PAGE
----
Tag Archives: Barley

Micil Irish Poitín, Heritage Edition, 46%

Every now and then there’s a release that just blows away the old myths.

One of the hackneyed stereotypical tropes used is that Irish Whiskey isn’t peated – or as I’m in Ireland – turfed.

Any cursory study of past recipes clearly shows it was – as the collective who collaborated to produce this Heritage Poitín found – and thankfully it now is.

Micil Instagram
Micil distillery Instagram Post

Micil Heritage Poitín is the first spirit to use Irish turf to smoke Irish Barley  & Irish Oats in a long time.

This is a game changer.

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Drinking Poitín at the Distillery c/othewhiskeynut

The other myth is that to be a good whiskey it must be aged – preferably for a long time.

Well – after tasting this fabulous poitín – age is only a number.

This is the original uisce beatha – the water of life – that started the whole whiskey craze.

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Micil’s back label c/othewhiskeynut

It’s pure, it’s clear and it’s a delight to drink.

The final myth is that barley is the be all and end all of whiskey.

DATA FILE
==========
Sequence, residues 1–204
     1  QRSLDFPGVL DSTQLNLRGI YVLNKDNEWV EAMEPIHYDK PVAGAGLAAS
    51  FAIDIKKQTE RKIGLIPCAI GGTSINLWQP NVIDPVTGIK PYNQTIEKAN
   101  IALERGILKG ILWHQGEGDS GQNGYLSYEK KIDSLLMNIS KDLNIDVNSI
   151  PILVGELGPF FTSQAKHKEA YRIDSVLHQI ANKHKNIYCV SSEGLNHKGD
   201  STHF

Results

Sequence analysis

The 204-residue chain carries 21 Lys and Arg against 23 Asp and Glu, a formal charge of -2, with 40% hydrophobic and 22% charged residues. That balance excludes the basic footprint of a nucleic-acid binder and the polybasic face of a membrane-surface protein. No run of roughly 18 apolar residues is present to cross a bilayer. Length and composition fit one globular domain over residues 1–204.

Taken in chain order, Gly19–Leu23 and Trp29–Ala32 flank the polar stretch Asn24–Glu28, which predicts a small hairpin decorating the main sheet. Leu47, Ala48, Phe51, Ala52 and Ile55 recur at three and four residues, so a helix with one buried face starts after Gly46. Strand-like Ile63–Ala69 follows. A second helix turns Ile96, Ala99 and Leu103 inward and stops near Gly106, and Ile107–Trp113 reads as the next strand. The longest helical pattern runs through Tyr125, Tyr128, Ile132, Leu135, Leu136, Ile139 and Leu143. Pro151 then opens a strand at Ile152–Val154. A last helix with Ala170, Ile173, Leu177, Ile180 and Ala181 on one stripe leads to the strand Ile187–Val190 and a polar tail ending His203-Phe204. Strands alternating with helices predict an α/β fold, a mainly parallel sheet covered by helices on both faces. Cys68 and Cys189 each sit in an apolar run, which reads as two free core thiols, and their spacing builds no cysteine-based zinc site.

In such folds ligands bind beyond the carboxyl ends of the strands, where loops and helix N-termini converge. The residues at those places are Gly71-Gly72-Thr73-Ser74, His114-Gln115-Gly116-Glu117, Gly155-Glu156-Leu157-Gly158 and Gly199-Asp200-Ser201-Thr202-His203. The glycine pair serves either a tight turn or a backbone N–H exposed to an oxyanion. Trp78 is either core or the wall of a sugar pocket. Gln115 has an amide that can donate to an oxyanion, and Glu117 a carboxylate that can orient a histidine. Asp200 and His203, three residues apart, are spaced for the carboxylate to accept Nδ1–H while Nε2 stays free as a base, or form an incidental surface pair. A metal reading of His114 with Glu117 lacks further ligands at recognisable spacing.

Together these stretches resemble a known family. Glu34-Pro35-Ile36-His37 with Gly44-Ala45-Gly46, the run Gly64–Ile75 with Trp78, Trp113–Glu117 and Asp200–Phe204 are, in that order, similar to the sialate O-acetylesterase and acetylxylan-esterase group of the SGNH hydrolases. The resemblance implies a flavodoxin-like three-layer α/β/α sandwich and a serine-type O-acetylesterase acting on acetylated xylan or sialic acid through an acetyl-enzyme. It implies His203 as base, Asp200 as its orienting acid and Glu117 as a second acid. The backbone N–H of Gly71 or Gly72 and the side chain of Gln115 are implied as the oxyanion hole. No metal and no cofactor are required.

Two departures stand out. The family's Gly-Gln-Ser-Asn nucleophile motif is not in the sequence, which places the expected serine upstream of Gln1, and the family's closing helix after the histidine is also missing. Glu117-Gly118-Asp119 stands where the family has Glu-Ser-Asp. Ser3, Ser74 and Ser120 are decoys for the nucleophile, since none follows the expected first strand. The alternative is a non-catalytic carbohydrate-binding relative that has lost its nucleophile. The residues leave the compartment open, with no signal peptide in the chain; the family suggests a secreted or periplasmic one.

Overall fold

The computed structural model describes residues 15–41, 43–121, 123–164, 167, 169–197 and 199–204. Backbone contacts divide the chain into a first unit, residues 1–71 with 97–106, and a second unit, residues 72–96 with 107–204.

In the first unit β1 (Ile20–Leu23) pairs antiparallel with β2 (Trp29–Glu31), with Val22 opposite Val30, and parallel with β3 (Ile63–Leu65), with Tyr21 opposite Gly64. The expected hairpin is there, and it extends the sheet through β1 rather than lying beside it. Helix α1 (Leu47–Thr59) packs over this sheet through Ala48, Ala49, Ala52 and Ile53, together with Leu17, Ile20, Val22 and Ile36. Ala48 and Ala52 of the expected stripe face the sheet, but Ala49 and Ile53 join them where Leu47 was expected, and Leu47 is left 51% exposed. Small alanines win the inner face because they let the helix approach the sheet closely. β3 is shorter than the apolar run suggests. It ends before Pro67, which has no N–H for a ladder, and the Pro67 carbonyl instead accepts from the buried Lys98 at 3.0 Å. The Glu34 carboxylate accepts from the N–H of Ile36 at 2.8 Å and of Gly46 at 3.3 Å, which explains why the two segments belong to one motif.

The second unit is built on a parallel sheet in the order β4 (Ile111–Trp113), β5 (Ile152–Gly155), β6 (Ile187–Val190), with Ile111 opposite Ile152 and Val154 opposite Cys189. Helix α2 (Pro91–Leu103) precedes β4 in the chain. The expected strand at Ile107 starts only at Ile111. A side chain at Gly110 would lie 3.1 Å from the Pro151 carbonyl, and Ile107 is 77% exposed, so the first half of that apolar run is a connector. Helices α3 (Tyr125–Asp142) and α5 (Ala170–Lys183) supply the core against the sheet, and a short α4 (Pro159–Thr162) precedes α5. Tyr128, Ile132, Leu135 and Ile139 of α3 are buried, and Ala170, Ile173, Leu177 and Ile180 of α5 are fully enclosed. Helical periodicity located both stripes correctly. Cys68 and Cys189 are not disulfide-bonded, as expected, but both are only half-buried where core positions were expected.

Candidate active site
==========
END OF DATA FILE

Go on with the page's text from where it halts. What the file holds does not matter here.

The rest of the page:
Again – no relevance to the actual recipes of the past that traditionally used a mixed mash bill of barley – both malted & unmalted – wheat, rye and oats.

The oats in Micil Heritage Poitín give it a gorgeous creaminess with a depth of body & generous legs.

The turf smoke is like the warm hug of a winters fire sharing the craic with friends & family.

Micil Heritage Poitín is stepping back in time to go forward.

I raise a glass to all involved.

To the return of Irish turf!

Sláinte

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Kilbeggan Small Batch Rye, 43%

I got fierce excited at last years Whiskey Live Dublin over the opportunity to sample an Irish rye whiskey that was still maturing in Kilbeggan Distillery.

The bottle was filled straight from the cask at over 60% ABV & presented non chill filtered without added caramel.